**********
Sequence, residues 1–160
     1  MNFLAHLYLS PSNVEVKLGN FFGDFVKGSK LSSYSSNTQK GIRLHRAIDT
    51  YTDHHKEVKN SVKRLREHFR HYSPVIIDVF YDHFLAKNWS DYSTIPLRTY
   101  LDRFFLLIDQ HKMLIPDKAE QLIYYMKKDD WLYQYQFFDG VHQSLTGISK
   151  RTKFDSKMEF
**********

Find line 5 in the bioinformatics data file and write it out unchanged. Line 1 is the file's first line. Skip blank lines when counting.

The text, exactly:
   151  RTKFDSKMEF